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Razer announces new slim BlackWidow X mechanical keyboards

In addition to gaming notebooks like the Razer Blade and the Razer Core external graphics enclosure, Razer makes a full line of high-quality gaming accessories for PC. Their mechanical keyboard range alone offers a wide variety of features and price points. That assortment will soon double thanks to the new Razer BlackWidow X line of keyboards.

The Razer BlackWidow X keyboards feature a stripped down look thanks to the removal of the standard top keyboard cover. Each BlackWidow X will cost $10 less than its standard BlackWidow equivalent, too. Read on for all the details and our hands-on photos of the Razer BlackWidow X Chroma!

From BlackWidow to BlackWidow X

Razer BlackWidow X Chroma

According to Razer, the BlackWidow lineup is the best-selling mechanical keyboard series in the world. The new BlackWidow X line looks to exist in parallel to the original line by offering more affordable, slimmed down versions of Razer's most popular keyboards.

The key difference from the regular BlackWidow is the new BlackWidow X line will not feature the "top cover" found on most keyboards. Typical keyboards, including the BlackWidow series, have their keys recessed into the body of the keyboard. A top cover surrounds the keys and rests above the actual bottom of the keyboard.

Without the top cover, the keys of the BlackWidow X line naturally rise above the metal base of the keyboard with nothing else surrounding them. This creates a unique look that Razer describes as clean and militaristic.

To go with that different look, the BlackWidow X series sports a different font on their keys than regular BlackWidow keyboards. This new font matches that of the Razer Blade and Razer Blade Stealth notebooks, so it's not exactly a huge departure from the standard Razer aesthetic.

More exciting than key fonts is the BlackWidow X line's unique cable management feature. Each of these keyboards features a single thin braided USB cable so that they won't offer USB pass-through. But ridges line the bottom of the keyboard that allows users to route the USB cable in three different directions. If your setup works better with the cord coming out of the left, you can do that!

Since these are more affordable versions of deluxe keyboards, they lack another bell-and-whistle: macro keys. The minor benefit of losing the extra keys is it allows for smaller keyboard footprints. People who want all the features they can get might balk at the BlackWidow X line, but users who prefer simplicity will enjoy the minimalism.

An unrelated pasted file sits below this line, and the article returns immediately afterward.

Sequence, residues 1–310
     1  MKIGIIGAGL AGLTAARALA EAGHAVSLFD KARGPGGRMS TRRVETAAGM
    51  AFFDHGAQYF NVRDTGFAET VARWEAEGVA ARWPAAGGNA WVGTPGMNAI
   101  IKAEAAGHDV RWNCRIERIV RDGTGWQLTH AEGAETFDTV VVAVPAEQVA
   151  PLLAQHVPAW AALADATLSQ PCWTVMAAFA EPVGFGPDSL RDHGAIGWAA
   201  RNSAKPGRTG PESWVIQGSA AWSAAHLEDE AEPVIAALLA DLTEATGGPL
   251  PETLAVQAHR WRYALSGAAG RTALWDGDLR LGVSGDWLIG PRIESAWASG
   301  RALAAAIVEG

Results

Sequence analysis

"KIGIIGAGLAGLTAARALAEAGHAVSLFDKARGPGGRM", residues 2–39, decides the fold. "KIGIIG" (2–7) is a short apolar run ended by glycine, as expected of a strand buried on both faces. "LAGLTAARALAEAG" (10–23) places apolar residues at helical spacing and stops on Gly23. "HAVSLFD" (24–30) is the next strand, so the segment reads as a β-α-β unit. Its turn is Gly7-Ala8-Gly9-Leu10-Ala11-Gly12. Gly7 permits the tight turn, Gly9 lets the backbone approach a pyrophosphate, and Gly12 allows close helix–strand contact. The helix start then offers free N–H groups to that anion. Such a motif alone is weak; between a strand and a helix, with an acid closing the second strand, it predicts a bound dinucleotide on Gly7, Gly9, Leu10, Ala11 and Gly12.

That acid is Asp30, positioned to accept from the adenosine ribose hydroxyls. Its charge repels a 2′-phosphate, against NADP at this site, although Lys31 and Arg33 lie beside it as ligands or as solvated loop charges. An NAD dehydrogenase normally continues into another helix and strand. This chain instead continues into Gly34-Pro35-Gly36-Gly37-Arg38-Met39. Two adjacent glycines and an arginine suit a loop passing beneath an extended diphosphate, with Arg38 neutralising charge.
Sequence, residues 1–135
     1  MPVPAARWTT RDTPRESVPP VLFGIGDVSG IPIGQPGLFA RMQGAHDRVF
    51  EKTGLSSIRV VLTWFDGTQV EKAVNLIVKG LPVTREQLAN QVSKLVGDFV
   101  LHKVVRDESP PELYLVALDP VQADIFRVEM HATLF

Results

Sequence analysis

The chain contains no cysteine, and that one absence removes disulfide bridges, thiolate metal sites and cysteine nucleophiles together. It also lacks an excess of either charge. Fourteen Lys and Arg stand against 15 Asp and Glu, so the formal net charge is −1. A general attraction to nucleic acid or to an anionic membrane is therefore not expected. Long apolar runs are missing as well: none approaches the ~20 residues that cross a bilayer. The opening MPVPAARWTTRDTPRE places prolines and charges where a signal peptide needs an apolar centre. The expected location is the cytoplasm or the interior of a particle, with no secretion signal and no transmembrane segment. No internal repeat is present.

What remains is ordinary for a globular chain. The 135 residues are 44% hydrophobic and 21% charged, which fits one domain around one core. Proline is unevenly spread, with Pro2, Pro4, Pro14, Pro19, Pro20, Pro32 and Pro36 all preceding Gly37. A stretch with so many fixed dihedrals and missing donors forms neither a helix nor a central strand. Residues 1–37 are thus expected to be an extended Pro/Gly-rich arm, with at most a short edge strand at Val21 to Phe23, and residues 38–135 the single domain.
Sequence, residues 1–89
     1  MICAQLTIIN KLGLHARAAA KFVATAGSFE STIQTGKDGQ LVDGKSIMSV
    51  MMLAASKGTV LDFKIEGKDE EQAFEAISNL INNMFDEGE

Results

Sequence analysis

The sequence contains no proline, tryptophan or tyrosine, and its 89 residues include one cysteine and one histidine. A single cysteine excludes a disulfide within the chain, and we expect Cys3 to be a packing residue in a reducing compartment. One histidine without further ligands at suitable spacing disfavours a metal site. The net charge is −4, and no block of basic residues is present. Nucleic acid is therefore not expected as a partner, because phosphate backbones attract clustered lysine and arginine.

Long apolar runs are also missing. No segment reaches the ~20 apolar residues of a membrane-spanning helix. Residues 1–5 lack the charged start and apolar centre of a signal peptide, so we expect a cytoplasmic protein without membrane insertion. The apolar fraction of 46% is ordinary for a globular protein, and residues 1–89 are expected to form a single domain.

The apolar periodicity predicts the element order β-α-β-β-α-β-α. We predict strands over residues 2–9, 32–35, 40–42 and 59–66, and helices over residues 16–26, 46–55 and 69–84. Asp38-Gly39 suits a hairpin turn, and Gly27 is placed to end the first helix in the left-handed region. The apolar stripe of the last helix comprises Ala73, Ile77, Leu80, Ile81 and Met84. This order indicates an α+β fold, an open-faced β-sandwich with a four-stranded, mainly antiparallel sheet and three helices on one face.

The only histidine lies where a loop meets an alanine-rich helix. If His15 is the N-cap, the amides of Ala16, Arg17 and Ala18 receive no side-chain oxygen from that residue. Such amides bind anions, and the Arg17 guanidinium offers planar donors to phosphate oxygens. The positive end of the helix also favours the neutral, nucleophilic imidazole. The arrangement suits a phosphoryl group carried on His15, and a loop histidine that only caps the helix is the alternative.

All Razer BlackWidow X keyboards come with a two-year warranty.

Choice of micro switches

Razer BlackWidow X Chroma

The Razer BlackWidow X line features Razer's proprietary mechanical gaming switches for each key. Razer tells us that these are the world's first keyboard switches designed specifically for gaming. The switches have optimized actuation and reset points, so the time between electrical contact being made and reset will be better for games than standard Cherry MX switches. They also have greater durability, reportedly standing up to 80 million keystrokes. Active gamers hit certain keys thousands of times per day, so the increased durability ensures the longest possible life for each key.

Cherry MX switches are quite popular among mechanical keyboard enthusiasts, though, so Razer will offer Cherry MX Blue variants of certain BlackWidow X keyboards through the Razer Store. And the Cherry MX Blue BlackWidow X keyboards will cost ten dollars less than the regular BlackWidow X keyboards. That makes them some of the most affordable brand-name mechanical keyboards on the market.

BlackWidow X lineup and availability

Razer BlackWidow X Chroma

Two BlackWidow X models are available now, with the others set to launch in April. The Chroma models feature programmable lighting for each key. And the two lowest priced models come in even-lower-priced Cherry MX Blue variants when purchased through Razer's website. The BlackWidow X lineup should be available at retailers like Amazon (opens in new tab) soon.

Razer BlackWidow X Chroma (pictured in this article's photographs)

Razer BlackWidow Tournament Edition X Chroma

Razer BlackWidow X Ultimate

Razer BlackWidow X Tournament Edition